Arts / Culture

Bush Campaign Grabs For Iraqi Gold

George W. Bush's re-election campaign has been accused of appropriating the Olympics for political means. A recent Bush/Cheney advertisement that links Iraq's and Afghanistan's participation in the Olympic games with the White House's "war on terror" is drawing criticism. "To the embarrassment of their media handlers in Athens, members of the Iraqi football team have reacted furiously to the news that their efforts are being used to aid Mr Bush's efforts to win a second term in the White House," The Guardian reports.


Wrapping Reagan in the Flag One Last Time

"The seemingly endless media adulation and myth-building surrounding the drawn-out death and funeral of Ronald Reagan is in keeping his media-savvy teflon-coated presidency. For all the conservative squawking about liberals dominating Hollywood, it is the right-wing that has excelled at putting actors into office."


Less Punk Than You

Punk Voter is "a coalition of over 130 bands and about 30 independent record labels" seeking to register and mobilize punk rock fans for the 2004 U.S. presidential election. But will the effort "serve to strengthen the very political system that punk has made its reputation attacking?" Scott Evans would say yes. He writes: "Last March [political punk band] Propagandhi withdrew from Punk Voter's Rock Against Bush Vol.


Art Imitates Life Sciences

"I feel sorry for Steve Kurtz because he lost his wife ... and he didn't even have time to grieve," said art professor Beatriz da Costa. Kurtz is part of the Critical Art Ensemble, an acclaimed group "dedicated to exploring the intersections between art, technology, radical politics and critical theory." Following Kurtz's wife's sudden death, police found "biological materials" at their home and involved the Joint Terrorism Task Force. Kurtz's art uses plants, bacterial cultures and lab equipment.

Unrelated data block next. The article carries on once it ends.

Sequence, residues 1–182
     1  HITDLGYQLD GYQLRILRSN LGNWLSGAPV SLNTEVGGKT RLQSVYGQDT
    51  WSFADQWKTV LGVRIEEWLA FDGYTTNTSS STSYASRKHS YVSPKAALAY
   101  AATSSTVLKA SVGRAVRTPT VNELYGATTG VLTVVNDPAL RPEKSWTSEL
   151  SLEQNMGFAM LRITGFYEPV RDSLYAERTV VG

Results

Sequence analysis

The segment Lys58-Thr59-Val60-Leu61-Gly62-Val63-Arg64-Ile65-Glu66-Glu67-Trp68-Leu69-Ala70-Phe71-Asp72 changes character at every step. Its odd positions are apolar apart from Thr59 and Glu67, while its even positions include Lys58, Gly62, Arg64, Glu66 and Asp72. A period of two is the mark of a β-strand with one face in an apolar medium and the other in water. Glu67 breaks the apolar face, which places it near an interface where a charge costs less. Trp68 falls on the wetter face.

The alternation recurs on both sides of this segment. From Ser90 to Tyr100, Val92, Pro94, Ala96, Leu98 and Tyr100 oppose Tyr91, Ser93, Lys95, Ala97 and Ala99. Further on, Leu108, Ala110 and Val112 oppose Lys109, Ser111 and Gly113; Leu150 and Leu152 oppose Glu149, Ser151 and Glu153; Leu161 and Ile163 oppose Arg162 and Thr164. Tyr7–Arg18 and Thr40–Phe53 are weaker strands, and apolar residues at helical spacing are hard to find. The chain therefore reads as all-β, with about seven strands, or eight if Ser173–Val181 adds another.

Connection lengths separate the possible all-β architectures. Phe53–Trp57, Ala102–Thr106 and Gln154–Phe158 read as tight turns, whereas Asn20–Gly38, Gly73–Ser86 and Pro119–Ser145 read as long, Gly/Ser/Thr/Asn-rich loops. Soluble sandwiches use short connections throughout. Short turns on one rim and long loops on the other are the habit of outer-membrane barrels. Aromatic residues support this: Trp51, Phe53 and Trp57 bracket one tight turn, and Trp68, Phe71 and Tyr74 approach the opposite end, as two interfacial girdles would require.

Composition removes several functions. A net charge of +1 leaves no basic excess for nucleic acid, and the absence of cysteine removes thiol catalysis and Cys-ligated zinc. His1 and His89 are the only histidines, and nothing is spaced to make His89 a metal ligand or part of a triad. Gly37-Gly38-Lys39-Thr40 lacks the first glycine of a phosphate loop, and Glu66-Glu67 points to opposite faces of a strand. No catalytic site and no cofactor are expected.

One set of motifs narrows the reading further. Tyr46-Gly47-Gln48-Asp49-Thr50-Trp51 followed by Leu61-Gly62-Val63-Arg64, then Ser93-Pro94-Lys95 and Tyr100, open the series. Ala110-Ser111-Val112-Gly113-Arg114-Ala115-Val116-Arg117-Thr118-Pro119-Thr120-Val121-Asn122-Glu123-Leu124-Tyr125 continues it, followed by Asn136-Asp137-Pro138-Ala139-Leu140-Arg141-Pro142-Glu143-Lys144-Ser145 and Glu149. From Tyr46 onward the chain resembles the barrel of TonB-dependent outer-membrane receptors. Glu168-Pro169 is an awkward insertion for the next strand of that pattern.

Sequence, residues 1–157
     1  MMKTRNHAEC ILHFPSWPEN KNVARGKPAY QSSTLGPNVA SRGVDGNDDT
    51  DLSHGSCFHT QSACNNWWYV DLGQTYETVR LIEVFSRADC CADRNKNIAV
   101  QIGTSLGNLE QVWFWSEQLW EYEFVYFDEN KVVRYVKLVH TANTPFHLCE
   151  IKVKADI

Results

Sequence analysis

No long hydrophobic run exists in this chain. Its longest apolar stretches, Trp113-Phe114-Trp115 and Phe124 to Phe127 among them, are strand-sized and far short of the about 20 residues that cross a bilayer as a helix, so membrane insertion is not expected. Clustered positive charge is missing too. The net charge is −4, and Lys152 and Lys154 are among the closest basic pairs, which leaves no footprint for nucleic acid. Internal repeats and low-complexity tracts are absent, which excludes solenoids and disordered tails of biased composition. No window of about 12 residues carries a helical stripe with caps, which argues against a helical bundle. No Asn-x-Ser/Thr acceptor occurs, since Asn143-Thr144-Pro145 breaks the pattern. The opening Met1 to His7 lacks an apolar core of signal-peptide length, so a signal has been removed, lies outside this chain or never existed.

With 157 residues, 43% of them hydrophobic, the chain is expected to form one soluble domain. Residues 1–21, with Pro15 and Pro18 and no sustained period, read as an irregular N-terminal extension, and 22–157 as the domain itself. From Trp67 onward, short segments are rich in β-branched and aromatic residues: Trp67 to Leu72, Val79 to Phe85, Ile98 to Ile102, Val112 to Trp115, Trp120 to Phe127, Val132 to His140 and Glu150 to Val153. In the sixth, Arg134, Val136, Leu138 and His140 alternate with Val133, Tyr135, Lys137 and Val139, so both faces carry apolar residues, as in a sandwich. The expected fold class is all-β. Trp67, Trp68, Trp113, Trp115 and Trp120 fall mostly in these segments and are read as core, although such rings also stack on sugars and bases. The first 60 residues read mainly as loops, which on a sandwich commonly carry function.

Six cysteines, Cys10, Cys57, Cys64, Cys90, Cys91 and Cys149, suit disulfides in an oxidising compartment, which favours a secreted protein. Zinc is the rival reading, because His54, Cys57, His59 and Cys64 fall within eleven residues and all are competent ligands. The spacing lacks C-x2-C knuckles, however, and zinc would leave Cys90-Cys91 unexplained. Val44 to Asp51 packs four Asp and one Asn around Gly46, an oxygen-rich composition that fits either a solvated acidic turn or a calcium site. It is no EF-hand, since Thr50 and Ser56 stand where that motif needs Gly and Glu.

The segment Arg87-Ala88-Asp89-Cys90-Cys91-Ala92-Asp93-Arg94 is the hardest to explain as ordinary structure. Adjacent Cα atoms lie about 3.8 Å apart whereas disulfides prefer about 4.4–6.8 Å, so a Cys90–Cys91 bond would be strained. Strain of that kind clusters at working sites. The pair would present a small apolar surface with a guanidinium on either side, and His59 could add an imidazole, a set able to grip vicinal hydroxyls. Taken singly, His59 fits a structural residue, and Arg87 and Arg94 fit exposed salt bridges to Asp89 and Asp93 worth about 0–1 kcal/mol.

Jesus Advertised on My Hotrod

Mel Gibson's controversial movie "The Passion of the Christ" is using a unique "surgical marketing campaign that has zeroed in on the Christian market and built a deafening buzz," according to the Wall Street Journal. "The promotional campaign got its start last year as Mr. Gibson hit the road and visited Christian leaders across America." Now, religious leaders are showing movie trailers and selling tickets to their congregations. But "passionate" marketing isn't just for churches.


Tried By the Media

We've done our best to ignore the media's latest feeding frenzy over singer Michael Jackson -- until now, that is. The filing of nine felony counts against Jackson "was orchestrated by a Hollywood public relations company, Tellem Worldwide," reports Tim Rutten. Tellem "is providing pro bono services to the Santa Barbara prosecutors. As special correspondent Linda Deutsch and reporter Tim Molloy of Associated Press reported last week, the company's other clients include the Cartoon Network and Nickelodeon.


Putting Things in Perspective

"A number of explosions tore through the British consulate in Turkey today, killing scores of people. George W. Bush is in England, surrounded on all sides by enraged British citizens whose massive protests have required nearly every police officer in London to be put on the line of defense," writes William Rivers Pitt. "It is 3:16 p.m. on Thursday afternoon as I write this. CNN has been covering, with total exclusivity, a parking lot outside a police station for the last hour. They covered an airplane landing. They covered the same airplane sitting still on the tarmac.


Muppets for Peace

"Sesame Street's Big Bird is hoping to triumph where George Bush, Tony Blair and numerous heads of state have failed, by bringing peace to the Middle East," reports Julia Day. The children's TV show is preparing a series of programs for broadcast in Israel, Jordan and the Palestinian territories, promoting cooperation, respect for others and self-esteem.



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